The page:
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The Greatest Risk Management Concerns for Home Health Care Workers

Chris Murray
Posted on: October 11, 2019 by Chris Murray

The home health care sector is experiencing a boom in the United States. Once seen as a luxury service for the wealthy, home health care has expanded to serve residents of any financial status and location, including rural areas not served by healthcare facilities. With the rise of this sector has come new challenges and risks, not only for home health staffing organizations but for the staff who deliver care to patients. Insurance for home health care providers serves as a foundation for risk management; by adequately identifying and addressing risks, providers can continue to serve communities across the country. 

Risks in the Home Health Care Environment

Across the healthcare industry, risks account for millions of dollars in claims for staff and patients alike. The home health care sector faces several risk exposures not experienced by hospitals and care facilities, however, and it is important to understand some of these unique risks. Risks facing home health care workers include:

  • Travel – The leading risk for home health care workers is the necessity of travel and from patients’ homes. Patients may live in remote locations, requiring extensive travel time and the myriad risks associated with travel. Often, healthcare workers will be alone when visiting patients’ homes. This opens the door to further staff safety and security issues, such as harassment, abuse, or criminal behaviors like theft or violence.
  • Pets – Pets are not likely to be encountered in hospitals and care facilities, yet they present significant risks to those in the home health care sector. A patient’s pet may bite or scratch healthcare workers, inflicting injuries that can interfere with workers’ ability to deliver care. Allergies to pets may also cause issues, preventing home health care workers from visiting certain patients’ homes.
  • Work conditions – The patient care environment cannot be overlooked when it comes to unique risks. Unlike hospitals and long-term residential care facilities, patients’ homes may have trip and fall hazards, inadequate lighting, or dangerous conditions that can increase the chance of injury, not only for healthcare staff but also for the patients they serve.
  • Infection control – Healthcare workers have extensive training in preventing infections from spreading, including the proper disposal of needles and other sharp instruments. Patients in the home health care setting may not dispose of sharps properly, potentially exposing themselves and others to pathogens. Home settings are not as easily disinfected as hospitals as well, further increasing the risk of infection from affecting residents and home health care workers.
  • Patient handling procedures – In hospitals, specialized lifting equipment and “lift teams” are commonly available to move or reposition patients. In the home health setting, workers may not have access to these assistive services, and are at a greater risk of overuse or strain injuries. Patients and staff may become injured during physical handling.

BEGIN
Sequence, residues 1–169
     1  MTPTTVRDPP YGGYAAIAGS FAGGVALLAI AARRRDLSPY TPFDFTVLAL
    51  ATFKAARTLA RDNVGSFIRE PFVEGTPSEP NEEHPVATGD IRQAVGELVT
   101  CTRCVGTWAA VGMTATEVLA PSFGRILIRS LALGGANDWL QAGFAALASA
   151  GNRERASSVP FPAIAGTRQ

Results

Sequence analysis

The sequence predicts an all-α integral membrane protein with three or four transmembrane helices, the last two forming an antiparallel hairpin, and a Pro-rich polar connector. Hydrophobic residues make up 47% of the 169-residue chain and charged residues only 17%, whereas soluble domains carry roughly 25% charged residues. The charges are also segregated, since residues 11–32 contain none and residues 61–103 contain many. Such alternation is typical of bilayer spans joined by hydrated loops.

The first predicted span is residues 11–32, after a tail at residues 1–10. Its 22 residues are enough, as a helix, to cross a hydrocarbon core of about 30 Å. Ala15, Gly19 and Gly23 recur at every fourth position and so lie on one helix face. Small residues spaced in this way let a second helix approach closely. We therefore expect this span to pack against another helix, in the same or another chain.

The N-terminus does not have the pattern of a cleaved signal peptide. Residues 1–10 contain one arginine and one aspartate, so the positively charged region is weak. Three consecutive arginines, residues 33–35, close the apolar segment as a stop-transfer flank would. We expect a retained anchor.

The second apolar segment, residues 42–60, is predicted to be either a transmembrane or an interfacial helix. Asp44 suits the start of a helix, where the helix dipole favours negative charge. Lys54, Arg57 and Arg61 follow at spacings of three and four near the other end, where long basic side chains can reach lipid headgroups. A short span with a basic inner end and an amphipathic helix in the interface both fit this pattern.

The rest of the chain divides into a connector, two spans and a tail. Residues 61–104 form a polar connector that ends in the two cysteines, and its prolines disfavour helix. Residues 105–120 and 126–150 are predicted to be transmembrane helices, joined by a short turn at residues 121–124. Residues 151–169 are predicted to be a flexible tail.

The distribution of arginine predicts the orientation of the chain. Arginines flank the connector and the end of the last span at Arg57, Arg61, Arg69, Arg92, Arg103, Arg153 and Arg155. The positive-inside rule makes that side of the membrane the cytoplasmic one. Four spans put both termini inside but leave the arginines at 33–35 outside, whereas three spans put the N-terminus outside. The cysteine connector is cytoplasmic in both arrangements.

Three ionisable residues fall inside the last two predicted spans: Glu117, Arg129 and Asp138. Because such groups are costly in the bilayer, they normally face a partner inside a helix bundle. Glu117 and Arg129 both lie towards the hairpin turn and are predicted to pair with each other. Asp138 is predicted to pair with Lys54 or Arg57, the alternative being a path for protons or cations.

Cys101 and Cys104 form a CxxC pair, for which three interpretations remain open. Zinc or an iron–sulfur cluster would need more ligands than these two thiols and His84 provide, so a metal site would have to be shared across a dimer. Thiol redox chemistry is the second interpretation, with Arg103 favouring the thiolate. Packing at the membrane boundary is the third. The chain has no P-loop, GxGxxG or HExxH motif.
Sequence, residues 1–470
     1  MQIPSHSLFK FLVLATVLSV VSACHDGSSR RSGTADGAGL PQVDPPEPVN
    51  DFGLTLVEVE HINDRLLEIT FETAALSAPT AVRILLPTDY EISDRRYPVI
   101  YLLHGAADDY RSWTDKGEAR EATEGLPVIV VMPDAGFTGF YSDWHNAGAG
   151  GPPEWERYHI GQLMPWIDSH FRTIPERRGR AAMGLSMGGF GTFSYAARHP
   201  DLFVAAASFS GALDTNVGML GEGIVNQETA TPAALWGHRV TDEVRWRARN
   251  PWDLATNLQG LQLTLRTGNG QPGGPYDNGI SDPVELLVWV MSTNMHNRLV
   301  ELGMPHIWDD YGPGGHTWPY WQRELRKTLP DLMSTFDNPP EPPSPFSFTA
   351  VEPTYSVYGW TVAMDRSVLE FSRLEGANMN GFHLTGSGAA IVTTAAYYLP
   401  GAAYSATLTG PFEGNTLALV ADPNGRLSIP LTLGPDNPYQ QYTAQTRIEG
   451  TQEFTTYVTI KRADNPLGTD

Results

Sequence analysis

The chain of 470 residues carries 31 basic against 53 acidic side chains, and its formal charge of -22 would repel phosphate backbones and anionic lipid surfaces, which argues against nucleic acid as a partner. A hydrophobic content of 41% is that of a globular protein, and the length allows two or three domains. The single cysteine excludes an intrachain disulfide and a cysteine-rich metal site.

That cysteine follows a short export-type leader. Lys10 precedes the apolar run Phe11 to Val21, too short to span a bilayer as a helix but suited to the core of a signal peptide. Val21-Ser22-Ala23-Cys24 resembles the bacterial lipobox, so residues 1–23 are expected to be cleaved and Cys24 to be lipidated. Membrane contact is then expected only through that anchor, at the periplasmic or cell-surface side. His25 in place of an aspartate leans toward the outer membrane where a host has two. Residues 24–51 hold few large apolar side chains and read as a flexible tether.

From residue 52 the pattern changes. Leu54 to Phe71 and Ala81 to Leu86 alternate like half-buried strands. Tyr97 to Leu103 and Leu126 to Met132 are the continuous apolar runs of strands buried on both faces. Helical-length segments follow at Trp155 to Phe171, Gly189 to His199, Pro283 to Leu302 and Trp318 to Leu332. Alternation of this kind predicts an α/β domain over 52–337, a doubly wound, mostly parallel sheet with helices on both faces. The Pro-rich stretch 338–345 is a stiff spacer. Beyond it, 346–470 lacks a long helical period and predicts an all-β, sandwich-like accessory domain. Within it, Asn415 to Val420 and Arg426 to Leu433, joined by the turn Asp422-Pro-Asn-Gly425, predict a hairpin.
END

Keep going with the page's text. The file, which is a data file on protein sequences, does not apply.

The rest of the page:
Risk Management in the Home Health Care Setting

To protect patients, caregivers, and staffing agencies from injuries resulting in expensive claims on insurance for home health providers, the principles of risk management come into play. Risk management strategies encompass several steps, and for home health care workers, many of these steps are centered on working alone in remote settings. To manage risks effectively, best practices include:

  • Identifying potential risks using hazard assessment tools. Potential risks can include travel aspects as well as the conditions of patients’ homes. 
  • Reducing or eliminating identified risks. In patients’ homes, some of these risks are unavoidable, but conscientious caregivers can help homeowners address some of the biggest risks, including securing pets during caregiver visits or by removing tripping and slipping hazards.
  • Providing staff with the training necessary to recognize potentially violent situations and to use de-escalation techniques to respond to threatening situations.
  • Ensuring that staff have adequate resources and equipment needed to transfer, move, or reposition patients in the home. 
  • Establishing a communication system (mobile phone or radio) so that caregivers are able to seek assistance as needed, including summoning law enforcement or rescue personnel. 

By implementing risk management best practices, home health care workers and their patients are made safer. Insurance for home health care providers is but one tool in the comprehensive risk management toolbox; by identifying and mitigating potential risks, quality of care is all but assured by the compassionate and dedicated workers in the home health care sector.

About Caitlin Morgan

Caitlin Morgan specializes in insuring assisted living facilities and nursing homes and can assist you in providing insurance and risk management services for this niche market. Give us a call to learn more about our programs at 877.226.1027.

Posted in: blog Home Health Care